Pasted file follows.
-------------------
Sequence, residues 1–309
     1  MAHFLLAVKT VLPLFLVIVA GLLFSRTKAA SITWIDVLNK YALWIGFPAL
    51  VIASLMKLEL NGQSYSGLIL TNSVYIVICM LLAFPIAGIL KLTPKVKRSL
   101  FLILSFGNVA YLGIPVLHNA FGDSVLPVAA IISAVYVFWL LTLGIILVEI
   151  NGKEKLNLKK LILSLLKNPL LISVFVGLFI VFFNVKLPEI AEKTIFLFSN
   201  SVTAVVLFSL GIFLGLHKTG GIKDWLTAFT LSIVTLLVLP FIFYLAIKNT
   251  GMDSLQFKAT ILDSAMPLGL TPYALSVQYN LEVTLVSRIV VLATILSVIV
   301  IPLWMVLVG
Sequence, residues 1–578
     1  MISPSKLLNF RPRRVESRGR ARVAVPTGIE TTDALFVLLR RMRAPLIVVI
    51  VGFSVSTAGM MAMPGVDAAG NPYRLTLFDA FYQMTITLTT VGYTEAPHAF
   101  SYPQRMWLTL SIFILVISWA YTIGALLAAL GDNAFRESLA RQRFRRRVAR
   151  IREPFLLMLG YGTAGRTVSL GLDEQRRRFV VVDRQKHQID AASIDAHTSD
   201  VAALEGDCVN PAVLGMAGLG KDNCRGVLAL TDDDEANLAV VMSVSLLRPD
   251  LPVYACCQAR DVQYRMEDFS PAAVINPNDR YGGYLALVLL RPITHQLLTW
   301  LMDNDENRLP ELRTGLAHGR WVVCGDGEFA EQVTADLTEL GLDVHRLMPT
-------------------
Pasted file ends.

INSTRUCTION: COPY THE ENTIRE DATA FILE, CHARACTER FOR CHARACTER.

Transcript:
Sequence, residues 1–309
     1  MAHFLLAVKT VLPLFLVIVA GLLFSRTKAA SITWIDVLNK YALWIGFPAL
    51  VIASLMKLEL NGQSYSGLIL TNSVYIVICM LLAFPIAGIL KLTPKVKRSL
   101  FLILSFGNVA YLGIPVLHNA FGDSVLPVAA IISAVYVFWL LTLGIILVEI
   151  NGKEKLNLKK LILSLLKNPL LISVFVGLFI VFFNVKLPEI AEKTIFLFSN
   201  SVTAVVLFSL GIFLGLHKTG GIKDWLTAFT LSIVTLLVLP FIFYLAIKNT
   251  GMDSLQFKAT ILDSAMPLGL TPYALSVQYN LEVTLVSRIV VLATILSVIV
   301  IPLWMVLVG
Sequence, residues 1–578
     1  MISPSKLLNF RPRRVESRGR ARVAVPTGIE TTDALFVLLR RMRAPLIVVI
    51  VGFSVSTAGM MAMPGVDAAG NPYRLTLFDA FYQMTITLTT VGYTEAPHAF
   101  SYPQRMWLTL SIFILVISWA YTIGALLAAL GDNAFRESLA RQRFRRRVAR
   151  IREPFLLMLG YGTAGRTVSL GLDEQRRRFV VVDRQKHQID AASIDAHTSD
   201  VAALEGDCVN PAVLGMAGLG KDNCRGVLAL TDDDEANLAV VMSVSLLRPD
   251  LPVYACCQAR DVQYRMEDFS PAAVINPNDR YGGYLALVLL RPITHQLLTW
   301  LMDNDENRLP ELRTGLAHGR WVVCGDGEFA EQVTADLTEL GLDVHRLMPT